Archives: advocacy

Addressing Campus Hunger Head-On, an op-ed by Lauren R.

University of Wisconsin-Madison sophomore Lauren Ross is a graduate of the Campus Hunger Project Cohort Program and the Challah for Hunger Representative to the MAZON Board of Directors. Lauren recently wrote an op-ed for the View from Campus, a monthly feature from New York Jewish News, urging campuses to take a more proactive response to acknowledging … Continue reading Addressing Campus Hunger Head-On, an op-ed by Lauren R.

Our Latest Update on the Campus Hunger Project

Meet Our Student Planning Team Alex, UC-Berkeley Arielle, Colgate University Bridget, University of Arizona Lauren R, University of Wisconsin-Madison Lauren B, University of Vermont This team is busy teaching other chapter leaders about the Campus Hunger Project, supporting students as they conduct interviews with administrators, and organizing campus events. Student Perspectives As students conduct interviews … Continue reading Our Latest Update on the Campus Hunger Project

Why does marketing matter?

Nearly 50% of food insecure students in the University of California system wanted, but didn’t receive, information about who to talk to on their campus about not having enough food according to a recent study. Additionally, 45% of food insecure students didn’t receive but wanted to know locations of food pantries. Marketing matters. Colleges and universities are starting to test out … Continue reading Why does marketing matter?

Are we asking the right question?

“No one is counting” refers to the fact that while colleges collect data from students everyday (picture a thick folder of academic transcripts, financial aid forms, etc) one very important question doesn’t get asked: are you struggling to afford or access food? What data do we collect from college students, particularly students receiving financial aid? Quite a lot. Every … Continue reading Are we asking the right question?

Are college meal plans to blame for campus hunger?

At Virginia Tech University, the cheapest meal plan option for students living on campus is $1,674, which equals about 10 meals a week. At Brown University, a meal plan that provides 7 meals a week for the entire academic year costs nearly $4,000. It’s not news to us that meal plans range in cost and … Continue reading Are college meal plans to blame for campus hunger?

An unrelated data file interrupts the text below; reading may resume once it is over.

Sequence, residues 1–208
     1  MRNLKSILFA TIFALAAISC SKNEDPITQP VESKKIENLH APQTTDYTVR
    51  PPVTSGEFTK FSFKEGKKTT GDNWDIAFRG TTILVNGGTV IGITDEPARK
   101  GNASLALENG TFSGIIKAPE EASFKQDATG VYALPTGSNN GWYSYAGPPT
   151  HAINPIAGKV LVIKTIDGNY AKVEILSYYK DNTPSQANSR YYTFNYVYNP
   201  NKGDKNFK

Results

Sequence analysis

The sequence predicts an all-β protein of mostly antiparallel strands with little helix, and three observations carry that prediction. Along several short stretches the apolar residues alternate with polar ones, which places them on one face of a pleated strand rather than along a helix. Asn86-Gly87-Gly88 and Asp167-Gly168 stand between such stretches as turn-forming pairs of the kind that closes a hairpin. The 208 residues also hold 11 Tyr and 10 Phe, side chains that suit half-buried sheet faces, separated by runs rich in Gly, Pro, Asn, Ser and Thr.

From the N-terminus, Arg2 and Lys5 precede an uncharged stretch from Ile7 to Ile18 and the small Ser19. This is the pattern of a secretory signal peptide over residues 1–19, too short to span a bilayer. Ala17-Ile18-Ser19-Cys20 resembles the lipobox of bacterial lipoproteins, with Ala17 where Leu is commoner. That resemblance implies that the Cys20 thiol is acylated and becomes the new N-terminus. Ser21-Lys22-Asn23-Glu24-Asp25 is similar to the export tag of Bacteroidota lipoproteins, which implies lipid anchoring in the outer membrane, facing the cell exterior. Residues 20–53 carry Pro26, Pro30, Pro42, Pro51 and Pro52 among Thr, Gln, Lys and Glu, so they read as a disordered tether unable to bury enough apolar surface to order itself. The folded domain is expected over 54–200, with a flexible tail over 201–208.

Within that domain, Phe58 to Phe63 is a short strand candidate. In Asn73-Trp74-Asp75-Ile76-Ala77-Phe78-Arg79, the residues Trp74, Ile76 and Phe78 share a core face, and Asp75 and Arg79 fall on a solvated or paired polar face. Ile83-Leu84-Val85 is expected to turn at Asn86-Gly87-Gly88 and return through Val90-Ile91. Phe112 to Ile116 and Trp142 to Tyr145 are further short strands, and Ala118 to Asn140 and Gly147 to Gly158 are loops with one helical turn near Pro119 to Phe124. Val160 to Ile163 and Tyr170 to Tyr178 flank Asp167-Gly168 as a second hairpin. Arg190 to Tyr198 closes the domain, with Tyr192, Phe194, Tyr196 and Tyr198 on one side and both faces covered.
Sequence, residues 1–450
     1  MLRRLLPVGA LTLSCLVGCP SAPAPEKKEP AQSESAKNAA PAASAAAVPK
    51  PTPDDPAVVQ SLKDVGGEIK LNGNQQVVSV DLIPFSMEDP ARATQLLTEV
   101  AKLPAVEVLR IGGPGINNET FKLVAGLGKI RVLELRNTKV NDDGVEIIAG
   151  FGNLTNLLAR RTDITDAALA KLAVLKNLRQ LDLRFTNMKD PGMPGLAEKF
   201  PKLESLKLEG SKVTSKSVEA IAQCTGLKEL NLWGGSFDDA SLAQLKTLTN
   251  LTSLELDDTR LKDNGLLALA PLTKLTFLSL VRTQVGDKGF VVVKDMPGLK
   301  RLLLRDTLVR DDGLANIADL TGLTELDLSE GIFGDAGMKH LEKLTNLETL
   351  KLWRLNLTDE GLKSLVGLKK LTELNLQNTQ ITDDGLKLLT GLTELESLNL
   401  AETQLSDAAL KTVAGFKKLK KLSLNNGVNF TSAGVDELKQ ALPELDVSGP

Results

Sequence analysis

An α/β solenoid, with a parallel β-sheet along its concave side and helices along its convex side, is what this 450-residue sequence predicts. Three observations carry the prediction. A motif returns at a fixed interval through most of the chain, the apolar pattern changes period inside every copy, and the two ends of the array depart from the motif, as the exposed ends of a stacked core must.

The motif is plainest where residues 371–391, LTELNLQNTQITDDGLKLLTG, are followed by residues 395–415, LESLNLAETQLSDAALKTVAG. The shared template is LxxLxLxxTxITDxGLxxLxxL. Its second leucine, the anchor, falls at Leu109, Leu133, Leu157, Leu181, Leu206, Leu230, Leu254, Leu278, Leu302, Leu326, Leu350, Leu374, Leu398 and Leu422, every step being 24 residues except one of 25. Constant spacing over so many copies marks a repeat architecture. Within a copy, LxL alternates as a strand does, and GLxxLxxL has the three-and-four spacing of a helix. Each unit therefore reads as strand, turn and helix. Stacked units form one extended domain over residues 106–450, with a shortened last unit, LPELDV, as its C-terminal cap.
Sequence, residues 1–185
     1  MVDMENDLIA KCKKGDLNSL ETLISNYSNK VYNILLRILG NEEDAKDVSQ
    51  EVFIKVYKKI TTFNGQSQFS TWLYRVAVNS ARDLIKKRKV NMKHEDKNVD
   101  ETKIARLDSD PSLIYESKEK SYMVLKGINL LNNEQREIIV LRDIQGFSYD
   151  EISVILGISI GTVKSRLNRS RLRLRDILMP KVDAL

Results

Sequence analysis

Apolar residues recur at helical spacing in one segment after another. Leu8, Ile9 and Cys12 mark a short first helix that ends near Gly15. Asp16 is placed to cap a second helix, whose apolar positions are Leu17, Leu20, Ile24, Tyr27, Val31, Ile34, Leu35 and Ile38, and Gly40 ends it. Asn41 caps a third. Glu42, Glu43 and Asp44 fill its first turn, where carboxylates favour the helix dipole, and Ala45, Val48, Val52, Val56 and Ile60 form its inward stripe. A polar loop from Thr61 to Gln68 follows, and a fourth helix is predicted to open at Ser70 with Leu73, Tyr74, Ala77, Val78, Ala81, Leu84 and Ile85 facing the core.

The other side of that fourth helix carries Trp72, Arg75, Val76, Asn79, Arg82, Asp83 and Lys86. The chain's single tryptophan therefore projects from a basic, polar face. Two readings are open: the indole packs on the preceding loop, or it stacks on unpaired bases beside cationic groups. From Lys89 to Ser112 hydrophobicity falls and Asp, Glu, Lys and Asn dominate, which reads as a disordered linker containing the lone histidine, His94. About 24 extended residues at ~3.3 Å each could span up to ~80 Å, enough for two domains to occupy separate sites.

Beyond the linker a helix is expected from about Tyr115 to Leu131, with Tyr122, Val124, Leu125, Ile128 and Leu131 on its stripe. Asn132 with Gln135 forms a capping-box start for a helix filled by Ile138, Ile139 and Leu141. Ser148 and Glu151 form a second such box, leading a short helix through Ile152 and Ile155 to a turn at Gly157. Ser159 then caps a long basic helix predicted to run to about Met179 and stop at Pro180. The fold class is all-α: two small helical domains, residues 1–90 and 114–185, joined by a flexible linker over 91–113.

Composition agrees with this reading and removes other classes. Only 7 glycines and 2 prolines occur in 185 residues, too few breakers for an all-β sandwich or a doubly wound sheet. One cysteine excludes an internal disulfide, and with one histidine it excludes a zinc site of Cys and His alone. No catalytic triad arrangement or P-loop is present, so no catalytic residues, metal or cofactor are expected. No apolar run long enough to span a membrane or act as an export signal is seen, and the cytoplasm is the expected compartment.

Look Outside the Classroom

Who besides students and professors are on a college campus every day? Employees. Universities employ anywhere from thousands to hundreds of thousands of workers. We got an important wake up call this week when the Urban & Environmental Policy Institute at Occidental College released a survey on food insecurity among employees in the University of California system. The … Continue reading Look Outside the Classroom

Breaking the Silence

When we discussed the Campus Hunger Project with our Challah for Hunger leaders earlier this year, students were often surprised to learn about this issue. We weren’t surprised, and after reading Paul’s story, you’ll understand why. Broadcasting stories about college food insecurity to our personal and larger networks is necessary to reduce the stigma around this issue. Not all students are as willing to talk … Continue reading Breaking the Silence

Coping with Food Insecurity

Toni Airaksinen (quoted in image) is a Barnard College student and advocate for low-income and first generation college students. She’s written about students who have passed out because of hunger, skipped or cut down on meals, and borrowed money from friends for food. The cost of tuition and living expenses is a huge factor for students deciding where to attend college. It’s vital … Continue reading Coping with Food Insecurity

Losing the food safety net

There is no single root cause of food insecurity among college students. Food insecurity exists in a tangled web of issues related to income, education, race and class. Let’s start by looking at the world of higher-education. Today, a college degree is more necessary than ever to secure a job, advance a career, and afford a basic quality of life. Out of the 11.6 million jobs … Continue reading Losing the food safety net